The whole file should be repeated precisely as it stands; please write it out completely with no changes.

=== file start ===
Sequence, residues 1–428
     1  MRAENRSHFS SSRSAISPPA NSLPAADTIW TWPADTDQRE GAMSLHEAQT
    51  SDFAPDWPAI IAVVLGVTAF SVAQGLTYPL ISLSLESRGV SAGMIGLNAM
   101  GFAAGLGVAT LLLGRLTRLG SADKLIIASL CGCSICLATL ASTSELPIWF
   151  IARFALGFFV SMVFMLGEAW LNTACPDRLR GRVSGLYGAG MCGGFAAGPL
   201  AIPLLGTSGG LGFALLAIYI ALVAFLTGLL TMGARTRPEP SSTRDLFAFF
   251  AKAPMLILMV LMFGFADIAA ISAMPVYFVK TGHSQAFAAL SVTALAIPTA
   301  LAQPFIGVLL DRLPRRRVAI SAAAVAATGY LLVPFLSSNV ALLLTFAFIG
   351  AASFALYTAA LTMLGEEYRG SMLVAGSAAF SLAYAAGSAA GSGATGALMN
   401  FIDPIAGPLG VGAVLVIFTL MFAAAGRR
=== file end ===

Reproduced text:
Sequence, residues 1–428
     1  MRAENRSHFS SSRSAISPPA NSLPAADTIW TWPADTDQRE GAMSLHEAQT
    51  SDFAPDWPAI IAVVLGVTAF SVAQGLTYPL ISLSLESRGV SAGMIGLNAM
   101  GFAAGLGVAT LLLGRLTRLG SADKLIIASL CGCSICLATL ASTSELPIWF
   151  IARFALGFFV SMVFMLGEAW LNTACPDRLR GRVSGLYGAG MCGGFAAGPL
   201  AIPLLGTSGG LGFALLAIYI ALVAFLTGLL TMGARTRPEP SSTRDLFAFF
   251  AKAPMLILMV LMFGFADIAA ISAMPVYFVK TGHSQAFAAL SVTALAIPTA
   301  LAQPFIGVLL DRLPRRRVAI SAAAVAATGY LLVPFLSSNV ALLLTFAFIG
   351  AASFALYTAA LTMLGEEYRG SMLVAGSAAF SLAYAAGSAA GSGATGALMN
   401  FIDPIAGPLG VGAVLVIFTL MFAAAGRR